Then, in the winter months when it was too cold to be outside, the thousands of hours creating whole worlds, governments and economies out of Legos and Monopoly money. I didn’t like sets — I just wanted a bucket of Legos to build whatever my little head could dream up.

If you’re over the age of 20 or 30, I’m sure you have similar stories of adventures in the woods — of having to solve problems and think outside the box. You probably recall creating your own fun with seemingly boring items.

You weren’t dependent on someone else’s creativity and ingenuity. You knew how to dream.

You didn’t need someone to entertain you or design things for you to have fun with. You could create a game with pinecones and sticks.

When this past generation of Apple creators sat down to dream up the next product, I believe they subconsciously drew back on their own “backyard” roots.

They knew how to solve problems because they had solved them before. They knew how to dream up new possibilities because they had been doing that since they were a kid.

This brings me to the startling truth: If we allow the current generation to be satisfied thinking within a 9.7‑inch box, we’ll rob them of the curiosity and creativity that it took to build that very device they’re holding.

If we don’t remove easy entertainment from our children, they’ll never learn to create their own.

I don’t know what the answer is for your family and your children — but we must be drastic. It’s time to stop saying, “But it’s just easier to plop them down with the iPad.” Or, “They’ll throw a fit if they don’t get to play with my iPhone.”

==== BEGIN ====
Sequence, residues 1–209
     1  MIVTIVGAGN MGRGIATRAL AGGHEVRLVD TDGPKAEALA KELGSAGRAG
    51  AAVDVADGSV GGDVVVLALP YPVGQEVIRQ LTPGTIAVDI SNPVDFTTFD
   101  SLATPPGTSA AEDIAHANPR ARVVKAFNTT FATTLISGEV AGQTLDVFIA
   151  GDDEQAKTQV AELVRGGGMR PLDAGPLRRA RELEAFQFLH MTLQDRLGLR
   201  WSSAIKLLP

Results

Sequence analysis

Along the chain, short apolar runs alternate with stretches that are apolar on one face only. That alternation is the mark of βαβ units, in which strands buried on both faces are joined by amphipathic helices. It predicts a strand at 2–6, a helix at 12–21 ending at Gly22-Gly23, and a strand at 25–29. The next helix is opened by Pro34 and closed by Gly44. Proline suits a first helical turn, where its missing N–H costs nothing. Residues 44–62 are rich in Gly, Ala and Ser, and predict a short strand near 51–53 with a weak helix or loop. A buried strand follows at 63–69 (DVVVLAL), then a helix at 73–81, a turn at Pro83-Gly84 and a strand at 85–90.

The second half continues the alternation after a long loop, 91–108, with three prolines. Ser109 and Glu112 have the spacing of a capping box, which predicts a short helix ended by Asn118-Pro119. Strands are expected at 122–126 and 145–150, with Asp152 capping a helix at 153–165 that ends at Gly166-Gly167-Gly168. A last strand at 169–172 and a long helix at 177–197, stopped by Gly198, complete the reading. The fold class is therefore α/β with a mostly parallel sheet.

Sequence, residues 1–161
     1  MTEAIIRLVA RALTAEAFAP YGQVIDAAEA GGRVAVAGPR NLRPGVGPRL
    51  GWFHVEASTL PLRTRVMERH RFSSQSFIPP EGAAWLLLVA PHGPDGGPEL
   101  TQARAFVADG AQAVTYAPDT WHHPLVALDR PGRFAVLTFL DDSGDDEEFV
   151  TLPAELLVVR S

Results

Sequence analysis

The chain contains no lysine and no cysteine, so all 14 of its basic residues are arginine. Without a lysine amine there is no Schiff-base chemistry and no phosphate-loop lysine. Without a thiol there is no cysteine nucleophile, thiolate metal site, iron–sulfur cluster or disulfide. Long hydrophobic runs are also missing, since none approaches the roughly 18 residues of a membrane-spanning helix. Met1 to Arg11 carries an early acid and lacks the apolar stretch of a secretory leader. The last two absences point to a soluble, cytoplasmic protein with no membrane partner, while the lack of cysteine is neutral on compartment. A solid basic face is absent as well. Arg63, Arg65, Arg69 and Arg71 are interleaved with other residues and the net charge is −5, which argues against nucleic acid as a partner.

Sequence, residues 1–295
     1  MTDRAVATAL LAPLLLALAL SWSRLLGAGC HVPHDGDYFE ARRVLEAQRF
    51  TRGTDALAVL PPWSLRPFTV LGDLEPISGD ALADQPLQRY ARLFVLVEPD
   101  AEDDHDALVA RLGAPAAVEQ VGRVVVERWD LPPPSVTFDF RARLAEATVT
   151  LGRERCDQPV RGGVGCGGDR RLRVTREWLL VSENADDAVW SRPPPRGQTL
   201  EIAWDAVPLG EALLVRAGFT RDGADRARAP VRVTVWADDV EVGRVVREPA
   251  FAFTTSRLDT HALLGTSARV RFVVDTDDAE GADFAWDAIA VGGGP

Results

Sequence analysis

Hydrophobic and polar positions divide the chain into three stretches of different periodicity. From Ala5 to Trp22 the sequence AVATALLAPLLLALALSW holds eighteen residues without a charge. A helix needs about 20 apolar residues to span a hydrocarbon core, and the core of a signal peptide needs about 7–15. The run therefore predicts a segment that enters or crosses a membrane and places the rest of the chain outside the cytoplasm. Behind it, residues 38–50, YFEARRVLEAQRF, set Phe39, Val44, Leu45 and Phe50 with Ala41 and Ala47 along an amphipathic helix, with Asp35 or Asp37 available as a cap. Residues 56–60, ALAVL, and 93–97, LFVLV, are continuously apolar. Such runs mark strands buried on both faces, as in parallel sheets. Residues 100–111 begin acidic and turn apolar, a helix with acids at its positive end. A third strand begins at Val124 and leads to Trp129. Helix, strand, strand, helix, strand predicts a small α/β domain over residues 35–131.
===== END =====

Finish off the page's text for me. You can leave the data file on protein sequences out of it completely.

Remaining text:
Even Steve Jobs, the visionary behind the iPad, didn’t let his kids use the iPad. He pushed them to play outside, read books and be fascinated with good conversation.

It’s time to look inward. Are we losing the sense of wonder that we used to posses? Are our children simply following in our footsteps? Are we grownups forgetting the adventures we had? Are we lazily reading Twitter instead of showing our kids the endless possibilities of curiosity and dreams?

We have the potential to create a new generation of kids who can imagine and explore — who can think outside the box and create exciting things.

If we don’t, those little maple leafs will go unplanted and eventually die. The ants won’t have a fort to play in. The beans and peas won’t have a friend to look after them everyday — and, more importantly, the future “iPads” (or whatever is next) won’t be created.

Let’s raise a generation of kids that build bird houses and sprinkler shows. A generation that plants bean seeds, maple leafs or whatever else their minds can dream up.

Their future depends on it.

To invent, you need a good imagination and a pile of junk. -Thomas A. Edison